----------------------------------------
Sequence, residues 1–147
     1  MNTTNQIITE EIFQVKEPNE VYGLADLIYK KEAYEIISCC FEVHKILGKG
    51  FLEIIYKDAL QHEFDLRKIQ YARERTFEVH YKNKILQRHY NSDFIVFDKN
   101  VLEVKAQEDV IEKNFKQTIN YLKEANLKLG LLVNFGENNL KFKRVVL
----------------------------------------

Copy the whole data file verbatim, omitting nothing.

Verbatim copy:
Sequence, residues 1–147
     1  MNTTNQIITE EIFQVKEPNE VYGLADLIYK KEAYEIISCC FEVHKILGKG
    51  FLEIIYKDAL QHEFDLRKIQ YARERTFEVH YKNKILQRHY NSDFIVFDKN
   101  VLEVKAQEDV IEKNFKQTIN YLKEANLKLG LLVNFGENNL KFKRVVL